People have been telling me to get out of Ruby for years. It's often delivered as some sort of sage advice, as if the advice-giver has gazed into their crystal ball and is reporting back to me what they saw in 2025. Gee, thanks, dude.
Our deployment process performs database changes about a minute before the related code changes go live. As the usage of our app continues to increase, even sub-second rename migrations bring down several in-flight requests.
Today we will focus on Amazon Rekognition which can help us with automatic moderation of uploaded images. By adding custom validation we can prevent uploading images which contain nudity, violence or other inappropriate content.
I've spent quite a bit of time obsessing over lights and camera, and I wanted to help you—new streamer, podcaster, new remote worker, or someone trying to level up their setup—see a few different types of option for your remote work or streaming setup.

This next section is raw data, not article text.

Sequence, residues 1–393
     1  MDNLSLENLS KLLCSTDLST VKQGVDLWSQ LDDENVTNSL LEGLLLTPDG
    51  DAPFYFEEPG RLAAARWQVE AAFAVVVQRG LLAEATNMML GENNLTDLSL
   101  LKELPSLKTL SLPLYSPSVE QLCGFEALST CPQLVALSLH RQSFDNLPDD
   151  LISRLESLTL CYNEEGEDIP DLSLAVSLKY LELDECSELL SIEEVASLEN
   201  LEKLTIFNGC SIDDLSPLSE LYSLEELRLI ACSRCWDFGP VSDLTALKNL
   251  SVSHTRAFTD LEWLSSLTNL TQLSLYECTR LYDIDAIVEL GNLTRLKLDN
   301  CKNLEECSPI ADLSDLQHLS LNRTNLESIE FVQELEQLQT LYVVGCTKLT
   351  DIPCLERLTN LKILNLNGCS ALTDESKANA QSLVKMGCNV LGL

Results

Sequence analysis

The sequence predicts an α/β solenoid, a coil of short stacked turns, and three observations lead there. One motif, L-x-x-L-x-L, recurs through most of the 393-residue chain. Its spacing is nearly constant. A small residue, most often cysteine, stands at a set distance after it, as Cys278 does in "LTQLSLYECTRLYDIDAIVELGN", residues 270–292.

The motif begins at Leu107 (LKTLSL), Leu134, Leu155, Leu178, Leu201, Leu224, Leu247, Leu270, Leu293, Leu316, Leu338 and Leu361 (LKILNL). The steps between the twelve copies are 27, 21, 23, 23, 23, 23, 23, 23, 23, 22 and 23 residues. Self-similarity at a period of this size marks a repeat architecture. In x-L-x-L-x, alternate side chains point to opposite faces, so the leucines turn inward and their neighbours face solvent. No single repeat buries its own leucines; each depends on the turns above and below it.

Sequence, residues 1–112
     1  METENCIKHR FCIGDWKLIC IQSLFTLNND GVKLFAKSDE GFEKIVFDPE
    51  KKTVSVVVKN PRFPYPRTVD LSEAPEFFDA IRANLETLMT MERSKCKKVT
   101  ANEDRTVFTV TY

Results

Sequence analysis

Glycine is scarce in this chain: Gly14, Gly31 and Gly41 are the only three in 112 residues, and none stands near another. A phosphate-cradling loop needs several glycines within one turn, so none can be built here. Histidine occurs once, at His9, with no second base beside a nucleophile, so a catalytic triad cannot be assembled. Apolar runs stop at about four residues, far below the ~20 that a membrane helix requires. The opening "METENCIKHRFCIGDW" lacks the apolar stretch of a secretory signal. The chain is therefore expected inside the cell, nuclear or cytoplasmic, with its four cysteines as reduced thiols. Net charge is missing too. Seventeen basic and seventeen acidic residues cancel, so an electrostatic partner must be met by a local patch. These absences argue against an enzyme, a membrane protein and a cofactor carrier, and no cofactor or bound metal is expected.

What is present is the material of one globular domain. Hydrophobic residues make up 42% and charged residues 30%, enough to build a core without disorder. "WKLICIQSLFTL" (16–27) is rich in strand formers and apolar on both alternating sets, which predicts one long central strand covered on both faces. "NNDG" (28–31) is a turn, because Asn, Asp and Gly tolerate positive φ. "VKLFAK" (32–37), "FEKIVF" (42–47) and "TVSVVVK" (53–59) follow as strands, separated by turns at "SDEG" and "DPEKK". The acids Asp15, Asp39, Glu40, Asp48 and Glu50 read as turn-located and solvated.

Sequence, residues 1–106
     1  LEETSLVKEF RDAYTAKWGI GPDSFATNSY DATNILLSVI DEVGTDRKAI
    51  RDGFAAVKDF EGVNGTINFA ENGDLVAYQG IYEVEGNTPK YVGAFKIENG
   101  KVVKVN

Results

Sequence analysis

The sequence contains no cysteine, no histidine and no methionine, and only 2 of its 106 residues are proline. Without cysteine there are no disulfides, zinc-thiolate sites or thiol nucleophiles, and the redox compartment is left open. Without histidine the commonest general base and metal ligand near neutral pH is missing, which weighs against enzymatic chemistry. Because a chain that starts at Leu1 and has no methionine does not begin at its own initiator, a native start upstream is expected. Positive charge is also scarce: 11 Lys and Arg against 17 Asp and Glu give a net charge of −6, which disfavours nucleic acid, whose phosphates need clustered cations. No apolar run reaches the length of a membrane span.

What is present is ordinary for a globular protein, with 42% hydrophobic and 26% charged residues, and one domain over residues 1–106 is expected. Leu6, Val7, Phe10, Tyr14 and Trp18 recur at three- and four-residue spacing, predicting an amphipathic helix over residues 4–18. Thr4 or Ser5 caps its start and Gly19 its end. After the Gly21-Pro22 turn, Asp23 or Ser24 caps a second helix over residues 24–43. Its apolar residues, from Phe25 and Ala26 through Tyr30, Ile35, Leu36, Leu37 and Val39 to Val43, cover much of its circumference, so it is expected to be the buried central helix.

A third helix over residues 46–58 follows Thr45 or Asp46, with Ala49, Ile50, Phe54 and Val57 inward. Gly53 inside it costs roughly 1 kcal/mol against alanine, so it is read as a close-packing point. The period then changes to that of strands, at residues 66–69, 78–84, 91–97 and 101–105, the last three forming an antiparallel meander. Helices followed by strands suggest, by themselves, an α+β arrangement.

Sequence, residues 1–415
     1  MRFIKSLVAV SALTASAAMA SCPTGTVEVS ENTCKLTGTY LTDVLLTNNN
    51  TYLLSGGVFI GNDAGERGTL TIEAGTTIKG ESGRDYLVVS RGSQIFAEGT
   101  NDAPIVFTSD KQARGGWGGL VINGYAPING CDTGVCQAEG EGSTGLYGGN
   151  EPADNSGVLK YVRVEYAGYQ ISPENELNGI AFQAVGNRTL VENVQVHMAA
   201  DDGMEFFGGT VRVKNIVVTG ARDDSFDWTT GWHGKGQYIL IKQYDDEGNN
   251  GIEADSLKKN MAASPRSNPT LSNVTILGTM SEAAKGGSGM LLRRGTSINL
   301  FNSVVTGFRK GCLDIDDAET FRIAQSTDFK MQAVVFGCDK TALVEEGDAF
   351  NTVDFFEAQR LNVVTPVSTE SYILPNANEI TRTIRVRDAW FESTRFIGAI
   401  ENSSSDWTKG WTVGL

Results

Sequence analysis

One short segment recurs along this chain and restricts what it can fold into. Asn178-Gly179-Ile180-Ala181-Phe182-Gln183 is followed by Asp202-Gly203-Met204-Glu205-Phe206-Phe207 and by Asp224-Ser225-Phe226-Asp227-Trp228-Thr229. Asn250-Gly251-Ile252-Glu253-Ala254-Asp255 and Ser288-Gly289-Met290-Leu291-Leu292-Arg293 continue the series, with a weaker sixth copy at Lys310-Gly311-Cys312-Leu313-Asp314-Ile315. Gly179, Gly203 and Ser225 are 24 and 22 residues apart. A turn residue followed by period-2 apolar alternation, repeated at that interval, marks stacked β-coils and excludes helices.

I recently helped a client with serious PostgreSQL problems. The client was having problems with one table in particular, containing about 25,000 rows — quite small, by modern database standards, and thus unlikely to cause problems.
This little article aims to give an introduction to the topic of attacking Ruby on Rails applications. It's neither complete nor dropping a 0 day. It's rather the authors attempt to accumulate the interesting attack paths and techniques in one write up.